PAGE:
Why Do Clocks Go Back in Wintertime?
AA Warns of Greater Risks in Wintertime
The dark nights are here again and with the clocks going back this coming Sunday, the AA are urging motorists to be extra vigilant on the roads and to show extra consideration to vulnerable road users, such as cyclists and pedestrians on the dark, cold and wintery mornings and evenings.
Granted, with the clock going back, the morning commute will be brighter, making our journeys somewhat easier but the darker evenings still pose a risk for many non-vehicular road users.
The AA have urged cyclists and pedestrians to take extra precautions to protect themselves from injury by using reflective clothing and lighting to ensure visibility. They have also been urged to use the bike lanes and footpaths wherever possible.
If a cyclist or a pedestrian is un-lit while out on the road, they can be virtually impossible to see and although drivers bear greater responsibility to protect the more vulnerable road users, they also need to be sensible.
AA Director of Consumer Affairs, Conor Faughnan stated “We’re entering into a dangerous time of the year on the roads in what has already been a poor year for road safety. The AA urges all road users but especially drivers to keep safety in mind this winter. Using the roads is the most dangerous thing that we do every day and yet very few of us appreciate it. You are only ever one slip of concentration away from disaster that can change lives forever.”
Why do clocks go back in the Wintertime?
The clocks go back on Sunday, October 30 at 2am, when Ireland will revert to Greenwich Mean Time (UTC+0) by going back one hour, to 1am. This will mark the official end of Summertime and the official start of Winter.
The transition to and from daylight saving time is synchronised across Europe. In Ireland, Winter time will officially begin at 02:00 Irish Standard Time (IST) on the last Sunday in October.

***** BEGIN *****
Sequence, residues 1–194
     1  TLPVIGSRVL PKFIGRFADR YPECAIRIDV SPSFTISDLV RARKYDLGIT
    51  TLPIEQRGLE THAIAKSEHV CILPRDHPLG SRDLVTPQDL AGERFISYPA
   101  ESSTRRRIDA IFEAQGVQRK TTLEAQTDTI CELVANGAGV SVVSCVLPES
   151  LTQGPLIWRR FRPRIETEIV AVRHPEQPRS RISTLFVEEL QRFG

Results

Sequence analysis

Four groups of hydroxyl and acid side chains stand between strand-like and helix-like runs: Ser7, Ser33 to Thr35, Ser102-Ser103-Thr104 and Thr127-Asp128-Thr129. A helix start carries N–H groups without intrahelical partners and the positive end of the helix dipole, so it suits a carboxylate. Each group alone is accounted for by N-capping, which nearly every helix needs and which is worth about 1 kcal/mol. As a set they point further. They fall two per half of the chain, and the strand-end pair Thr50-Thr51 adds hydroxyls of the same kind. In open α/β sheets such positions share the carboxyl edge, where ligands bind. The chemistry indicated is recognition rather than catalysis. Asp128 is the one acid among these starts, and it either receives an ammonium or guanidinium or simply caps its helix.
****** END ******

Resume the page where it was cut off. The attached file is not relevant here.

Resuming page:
A easy way to remember the seasonal time change is contained in a simple rule – “Spring forward, Fall back”.
Daylight Savings Time
At this time, he published the pamphlet, entitled, ‘The Waste of Daylight’, which proposed the effect that it would get people out of bed earlier by changing the nations clocks.
His specific plans were not implemented but on 21 May 1916, the British Government passed The Summer Time Act 1916. Back then many people were breaking the hands on their clocks as they could not be turned back at that time so people were encouraged to wind the hands of their clocks forward by 11 hours when Summer Time came to an end on October 1, 1916.
Today clocks are almost everywhere set one hour forward or one hour backward but sometimes the adjustments can 20, 30 or 40 minutes and even some countries made two-hour adjustments for a brief period in the 1940s.
Irish Standard (Railway) Time
Up until 1880 when Ireland was under British Rule, the legal time for Ireland and Great Britain was defined as Local Mean Time but this changed with The Definition Time Act which defined Dublin Mean Time as the official time for Ireland. This was the local mean time at Dunsink Observatory outside Dublin, and was about 25 minutes 21 seconds behind Greenwich Mean Time (GMT), which was also defined by the Act to be the legal time for Great Britain.
The 1916 Rising flagged up a problem with this particular time as it was found to be inconvenient for telegraphic communications between London and Dublin, which at that time was the ‘Second City of the British Empire’.
After 1922, when the Irish Free State was established they tended to mirror the timezone of the United Kingdom so as not to have separate times between Northern Ireland and the newly established Irish Free State.
Why Some Think Daylight Saving Time Should Be Ditched
Some critics claim that the darker mornings pose an even more dangerous risk to children walking to school. Still others claim that it does not make any environmental sense with the energy saving argument as people will still switch on fans and air-conditioning units during the bright warmer evenings but this particular reason would be unlikely to bother anyone here in Ireland.
For instance, from 1968 to 1971 BST and IST was employed all year round which saw no Winter Time change and places such as northern Scotland saw an increase in the number of people killed or seriously injured.
In parts of Scotland, for example, the sun wouldn’t rise until around 10am which caused many problems. Many dairy farmers who had to wake before 5am, would have to spend hours working in the dark. Other farmers and also construction workers would also have to work far later into the evening as they had to have sunlight to perform their jobs.
Be Safe On The Roads This Winter
So as we head into the winter and face darker evenings and mornings with diminished visibility on our roads, MyVehicle.ie urges all road users to be extra vigilant and cautious while out on the roads. Breakdowns usually increase with many more punctures, flat batteries and engine failures. Make sure your car is properly serviced and your tyres are in good condition.